“The bearer of this and his company have been driven by the Genoese from their monastery of San Giorgio on my estate of Casalabriva above the Taravo valley, the same where you will remember our treading the vintage together to the freedom of Corsica. But the Genoese have cut down my vines long since, and now they have fired the roof over these my tenants and driven them into the macchia, whence they send message to me to deliver them. Indeed, friend, I have much ado to protect myself in these days: but by good fortune I have heard of an English vessel homeward bound which will serve them if they can reach the coast, whence numbers of the faithful will send them off with good provision. Afterwards, what will happen? To England the ship is bound, and in England I know you only. Remembering your great heart, I call on it for what help you can render to these holy men. Addio, friend. You are remembered in my constant prayers to Christ, the Virgin, and all the Saints.
At a sign from my father—who had sunk back in his chair and sat gripping its arms—I passed on this epistle to my uncle Gervase, who read it and ran his hand through his hair.
“Dear me!” said he, running his eye over the attentive monks, “this lady, whoever she may be—”
“She is a crowned queen, brother Gervase,” my father interrupted; “and moreover she is the noblest woman in the world.”
“As to that, brother,” returned my uncle, “I am saying nothing. But speaking of what I know, I say she can be but poorly conversant with your worldly affairs.”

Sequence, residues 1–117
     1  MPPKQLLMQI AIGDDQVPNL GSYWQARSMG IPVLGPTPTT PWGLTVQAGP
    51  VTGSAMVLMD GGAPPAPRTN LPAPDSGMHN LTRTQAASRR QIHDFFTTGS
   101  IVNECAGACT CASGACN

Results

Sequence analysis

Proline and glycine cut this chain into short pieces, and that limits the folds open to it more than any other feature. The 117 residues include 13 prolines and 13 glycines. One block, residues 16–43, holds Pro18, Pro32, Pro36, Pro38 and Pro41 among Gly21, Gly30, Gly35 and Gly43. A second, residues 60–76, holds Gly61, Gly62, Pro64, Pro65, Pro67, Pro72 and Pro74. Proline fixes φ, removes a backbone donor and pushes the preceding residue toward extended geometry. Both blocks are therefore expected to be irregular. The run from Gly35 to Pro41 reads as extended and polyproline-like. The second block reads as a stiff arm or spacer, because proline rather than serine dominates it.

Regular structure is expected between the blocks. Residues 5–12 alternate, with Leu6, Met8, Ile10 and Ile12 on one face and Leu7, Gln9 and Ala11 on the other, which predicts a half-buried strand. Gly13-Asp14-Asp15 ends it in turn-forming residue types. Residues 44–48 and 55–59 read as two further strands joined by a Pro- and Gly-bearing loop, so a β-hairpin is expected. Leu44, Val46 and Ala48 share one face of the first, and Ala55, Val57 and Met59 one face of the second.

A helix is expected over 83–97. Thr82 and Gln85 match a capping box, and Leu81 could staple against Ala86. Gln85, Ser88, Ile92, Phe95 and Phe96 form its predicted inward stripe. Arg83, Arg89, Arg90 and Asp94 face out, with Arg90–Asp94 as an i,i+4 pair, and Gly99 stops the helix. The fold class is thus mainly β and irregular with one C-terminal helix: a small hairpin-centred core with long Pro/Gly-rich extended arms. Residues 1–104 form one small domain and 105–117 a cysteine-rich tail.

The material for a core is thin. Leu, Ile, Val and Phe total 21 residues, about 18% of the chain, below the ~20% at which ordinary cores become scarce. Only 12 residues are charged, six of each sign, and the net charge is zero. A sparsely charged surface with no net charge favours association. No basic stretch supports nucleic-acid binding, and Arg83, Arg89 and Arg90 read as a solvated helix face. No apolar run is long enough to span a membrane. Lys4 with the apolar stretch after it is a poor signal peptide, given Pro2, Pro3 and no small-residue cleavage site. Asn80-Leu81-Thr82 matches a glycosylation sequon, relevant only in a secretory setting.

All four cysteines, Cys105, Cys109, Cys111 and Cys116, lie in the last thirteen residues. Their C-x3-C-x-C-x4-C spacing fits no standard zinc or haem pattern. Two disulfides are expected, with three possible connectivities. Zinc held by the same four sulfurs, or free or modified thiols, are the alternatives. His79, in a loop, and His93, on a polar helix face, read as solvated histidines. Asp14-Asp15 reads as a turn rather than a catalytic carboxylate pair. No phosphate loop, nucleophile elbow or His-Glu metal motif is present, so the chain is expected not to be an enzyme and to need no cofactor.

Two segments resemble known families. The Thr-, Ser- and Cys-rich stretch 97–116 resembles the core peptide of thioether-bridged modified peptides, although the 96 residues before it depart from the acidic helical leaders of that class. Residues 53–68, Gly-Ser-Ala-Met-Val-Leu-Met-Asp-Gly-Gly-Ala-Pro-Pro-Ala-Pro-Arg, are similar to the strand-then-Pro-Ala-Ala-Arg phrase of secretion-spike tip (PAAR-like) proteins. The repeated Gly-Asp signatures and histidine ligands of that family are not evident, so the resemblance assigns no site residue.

My father half-lifted himself from his seat. “And is that how you take it?” he demanded sharply. “Is that all you read in the letter? Brother, I tell you again, this lady is a queen. What should a queen know of my degree of poverty?”
“Nevertheless—” began my uncle.
But my father cut him short again. “I had hoped,” said he, reproachfully, “you would have been prompt to recognize her noble confidence. Mark you how, no question put, she honours me. ’Do this, for my sake’—Who but the greatest in the world can appeal thus simply?”
“None, maybe,” my uncle replied; “as none but the well-to-do can answer with a like ease.”
“You come near to anger me, brother; but I remember that you never knew her. Is not this house large? Are not four-fifths of my rooms lying at this moment un-tenanted? Very well; for so long as it pleases them, since she claims it, these holy men shall be our guests. No more of this,” my father commanded peremptorily, and added, with all the gravity in the world, “You should thank her consideration rather, that she sends us visitors so frugal, since poverty degrades us to these economies. But there is one thing puzzles me.” He took the letter again from my uncle and fastened his gaze on the Brother Basilio. “She says she has much ado to protect herself.”